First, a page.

This coming week we'll be reviewing two Soave wines, but before we did, we thought we'd acquaint ourselves with a little more about the wine and its region.
There are three different types of Soave:
• Soave DOC, which includes the sub-zones of Soave Classico and Soave Colli Scaligeri;
• Soave Superiore DOCG (2001) which also includes wines with the "Riserva" designation; and
• Recioto di Soave DOCG (1998) a dessert wine not often found in the US at present.
Soave must be composed of a minimum of 70% Garganega, although many of the Classico wines contain up to 100%. Many winemakers utilize Trebbiano di Soave, typically about 10%, for its enlivening acidity, and although Chardonnay and Pinot Bianco are permitted their use is becoming increasingly rare. Most of the wines are vinified and aged in stainless steel tanks. Some winemakers use wood for ageing, in particular for the Classico wines, but they focus on older oak that merely adds roundness to the wines without being too prominent.
For centuries, the Garganega grape has produced noble, elegant and harmonious wines that have countless mentions in historical documents and Italian literature. Today Garganega — when it is grown in optimum locations and conditions with low yields and when the grapes are allowed to ripen fully — produces wines with delicate flavors of pear, pineapple, and apricot that become fuller and more luscious with age.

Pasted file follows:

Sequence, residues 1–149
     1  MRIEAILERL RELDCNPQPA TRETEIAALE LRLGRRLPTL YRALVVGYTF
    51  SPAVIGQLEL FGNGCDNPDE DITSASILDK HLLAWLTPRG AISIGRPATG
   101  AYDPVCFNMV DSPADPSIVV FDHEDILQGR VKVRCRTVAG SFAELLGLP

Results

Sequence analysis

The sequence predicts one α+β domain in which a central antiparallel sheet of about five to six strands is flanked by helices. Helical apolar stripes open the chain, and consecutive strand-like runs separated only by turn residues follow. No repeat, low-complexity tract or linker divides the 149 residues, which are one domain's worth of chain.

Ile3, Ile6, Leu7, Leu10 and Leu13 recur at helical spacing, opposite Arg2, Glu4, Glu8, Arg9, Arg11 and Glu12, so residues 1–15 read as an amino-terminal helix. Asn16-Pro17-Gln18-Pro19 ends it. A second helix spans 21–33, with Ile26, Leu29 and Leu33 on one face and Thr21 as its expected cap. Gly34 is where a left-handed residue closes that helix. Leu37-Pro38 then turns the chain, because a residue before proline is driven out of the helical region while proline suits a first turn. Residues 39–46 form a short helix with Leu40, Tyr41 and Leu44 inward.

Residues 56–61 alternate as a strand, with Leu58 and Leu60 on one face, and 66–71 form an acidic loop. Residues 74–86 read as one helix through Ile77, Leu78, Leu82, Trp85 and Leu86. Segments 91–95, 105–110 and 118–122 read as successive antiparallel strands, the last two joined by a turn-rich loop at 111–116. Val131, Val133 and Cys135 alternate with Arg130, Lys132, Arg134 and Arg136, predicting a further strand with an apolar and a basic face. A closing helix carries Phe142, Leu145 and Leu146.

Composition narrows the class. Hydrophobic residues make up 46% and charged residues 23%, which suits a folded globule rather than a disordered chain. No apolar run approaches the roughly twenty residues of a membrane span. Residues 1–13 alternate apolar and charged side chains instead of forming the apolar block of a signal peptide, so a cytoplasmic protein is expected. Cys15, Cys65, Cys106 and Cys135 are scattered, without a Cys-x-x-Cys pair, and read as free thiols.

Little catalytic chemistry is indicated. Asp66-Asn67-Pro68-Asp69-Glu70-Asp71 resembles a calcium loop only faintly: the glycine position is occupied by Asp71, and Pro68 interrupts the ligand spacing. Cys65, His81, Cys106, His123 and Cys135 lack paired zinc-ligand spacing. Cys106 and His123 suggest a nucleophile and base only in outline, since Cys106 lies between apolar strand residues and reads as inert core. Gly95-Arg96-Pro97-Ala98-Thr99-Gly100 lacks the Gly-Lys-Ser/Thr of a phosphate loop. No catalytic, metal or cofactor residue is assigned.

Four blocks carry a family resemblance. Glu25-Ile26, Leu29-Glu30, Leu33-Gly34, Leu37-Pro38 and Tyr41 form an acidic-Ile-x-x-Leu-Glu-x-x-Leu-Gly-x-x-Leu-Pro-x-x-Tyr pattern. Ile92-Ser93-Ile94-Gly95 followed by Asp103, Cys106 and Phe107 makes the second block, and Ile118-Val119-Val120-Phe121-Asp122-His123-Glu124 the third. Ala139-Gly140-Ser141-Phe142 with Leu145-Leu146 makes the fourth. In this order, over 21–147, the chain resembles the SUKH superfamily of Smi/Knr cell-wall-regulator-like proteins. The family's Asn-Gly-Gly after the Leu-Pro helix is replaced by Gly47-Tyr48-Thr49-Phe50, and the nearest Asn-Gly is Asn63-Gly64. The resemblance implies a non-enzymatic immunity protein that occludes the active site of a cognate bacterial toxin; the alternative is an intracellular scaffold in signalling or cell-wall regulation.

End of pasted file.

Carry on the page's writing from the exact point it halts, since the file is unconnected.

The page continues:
Garganega thrives in Soave, where the terroir yields superb quality white wines. The Soave production zone is situated in the eastern part of the province of Verona in Italy's Veneto region. The Soave zone — characterized by gentle rolling hills — includes parts or all of the areas belonging to the municipalities of Soave, Monteforte d'Alpone, San Martino Buon Albergo, Lavagno, Mezzane, Caldiero, Colognola, Illasi, Cazzano, Roncà, Montecchia and San Giovanni Ilarione. The majority of the vineyards are in the hills including the historic "Classico" zone, which lies between the charming medieval town of Soave and Monteforte d'Alpone, the oldest original zone. Beautiful centuries old castles, churches, bell towers, and aristocratic villas are all part of the rich history and traditions of this area, and indicative of the region's principal product, Soave wines. Eons ago, the Soave area was covered by a tropical sea as evidenced by saline sediments in the soil that are expressed in Soave wine, with its rich mineral quality and distinctive fresh, clean and fruit-forward flavors. The tufaceous volcanic terroir of this area also lends to the development of complex and multi-faceted white wines.
We'd like to thank the Soave Consortium for providing the above information to us and Colangelo & Partners for providing two samples of wine from this region for review.